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HDA UK Media and Political Bulletin – 2 August 2021

Media Summary

NI patients ‘must not go to the back of the queue’ over protocol
Belfast Telegraph, John Breslin, 2 August 2021

The Belfast Telegraph reports on statements by the Director of Policy for NHS Confederation, Dr Layla McCay, regarding the supply of medicines to Northern Ireland under the Northern Ireland Protocol.

Dr McCay strongly condemned the lack of progress from negotiations between the UK and EU, warning that patients should not become “collateral damage” as a result of “political haggling”.

This statement comes after the UK Government suggested to remove medicines supply from the Northern Ireland Protocol in last week’s Command Paper. The EU has stated that the Protocol is not up for negotiation, but that “creative solutions” are sought for its implementation.

“Pharmaceutical companies are doing everything in their power to prepare for operating according to the new rules after the end of this year, but they are running out of time to make substantive changes to supply chains if needed,” said Dr McCay.

“The majority of patients will still be able to obtain the medication they need. But it is likely there will be some who will find… suppliers… no longer prepared to import small quantities of medicines for specific conditions.”

 

 Parliamentary Coverage

 

There was no parliamentary coverage today.

 

Full Coverage

NI patients ‘must not go to the back of the queue’ over protocol
Belfast Telegraph, John Breslin, 2 August 2021 

Patients in Northern Ireland must not become “collateral damage” in the political haggling between the UK and the EU over medicines, a leading figure representing NHS providers has warned.

Thousands of different types of medications may not be available to patients after the end of the year if no agreement is reached, one pharmaceutical industry association has warned.

But the EU and UK remain in a stand-off, prompting a strongly worded warning and condemnation from Dr Layla McCay, director of policy for NHS Confederation, which represents organisations that provide and commission services.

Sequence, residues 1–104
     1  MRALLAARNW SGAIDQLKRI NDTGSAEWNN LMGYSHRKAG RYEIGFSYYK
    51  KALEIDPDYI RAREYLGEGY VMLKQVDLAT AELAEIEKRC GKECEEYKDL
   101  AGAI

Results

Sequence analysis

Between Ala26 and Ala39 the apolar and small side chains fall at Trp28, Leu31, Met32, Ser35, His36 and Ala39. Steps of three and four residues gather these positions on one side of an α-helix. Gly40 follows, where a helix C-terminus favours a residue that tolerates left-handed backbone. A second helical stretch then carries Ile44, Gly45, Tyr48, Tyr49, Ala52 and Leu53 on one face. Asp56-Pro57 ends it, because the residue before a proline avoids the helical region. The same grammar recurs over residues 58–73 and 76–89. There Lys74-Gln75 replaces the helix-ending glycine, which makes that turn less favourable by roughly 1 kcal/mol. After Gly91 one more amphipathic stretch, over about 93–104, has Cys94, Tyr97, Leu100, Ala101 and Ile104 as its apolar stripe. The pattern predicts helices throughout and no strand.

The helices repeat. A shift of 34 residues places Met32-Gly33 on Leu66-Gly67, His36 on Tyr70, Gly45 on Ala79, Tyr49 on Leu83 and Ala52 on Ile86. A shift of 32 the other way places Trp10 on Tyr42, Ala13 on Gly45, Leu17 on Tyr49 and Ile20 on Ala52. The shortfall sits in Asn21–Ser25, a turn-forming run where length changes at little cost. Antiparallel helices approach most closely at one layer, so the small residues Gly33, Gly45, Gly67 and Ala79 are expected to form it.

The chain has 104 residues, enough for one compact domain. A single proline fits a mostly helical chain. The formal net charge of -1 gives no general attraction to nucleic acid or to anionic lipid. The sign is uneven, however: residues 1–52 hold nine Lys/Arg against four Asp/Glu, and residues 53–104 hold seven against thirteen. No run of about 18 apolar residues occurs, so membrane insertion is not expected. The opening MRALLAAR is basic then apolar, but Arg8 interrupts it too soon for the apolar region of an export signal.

“If you live in Northern Ireland and suffer from a serious illness, there is a very real possibility that in six months’ time, you won’t be able to access the medicines you need,” she said in an article for The Independent.

Dr McCay added: “This may sound alarmist, but since Brexit, Northern Ireland has become a ‘political football’ between the UK and EU.

“We must not allow Northern Irish patients to go to the back of the queue for medicines, or even worse, to become collateral damage in the political haggling between the UK and the EU.

“It’s unacceptable that people could find themselves without essential medication next year if the UK and the EU cannot come up with a solution.”

She warned: “The UK and EU must come to a swift agreement on how the protocol will work and provide companies with the time, support, and assurances they need to get ready.”

Arguments are continuing, with the UK suggesting that medicines could be removed from the scope of the NI Protocol and treated as a special case. The EU said the protocol is not up for negotiation but that it continues to “seek creative solutions” within its framework.

It has proposed compliance functions can continue to be performed in GB under certain conditions, including those linked to labelling and enhanced enforcement. Brexit Minister Lord Frost has said this remains too complicated.

More than 2,000 medicines are set to be withdrawn from Northern Ireland due to the Protocol, according to the British Generic Manufacturers Association (BGMA). It will be commercially unviable to sell some products, particularly more specialist types used by small numbers of people, the association said.

Most medications come from GB, yet Northern Ireland will be subject to the EU’s pharmaceutical regulatory system after December 31.

“Pharmaceutical companies are doing everything in their power to prepare for operating according to the new rules after the end of this year, but they are running out of time to make substantive changes to supply chains if needed,” said Dr McCay.

“New medicines approved only by the UK’s medicines regulator, the MHRA, and not the EU regulator, the EMA, will not routinely be available to Northern Irish patients in future,” she added.

“The majority of patients will still be able to obtain the medication they need. But it is likely there will be some who will find…suppliers…no longer prepared to import small quantities of medicines for specific conditions.”

HDA UK Media and Political Bulletin –  2 August 2021

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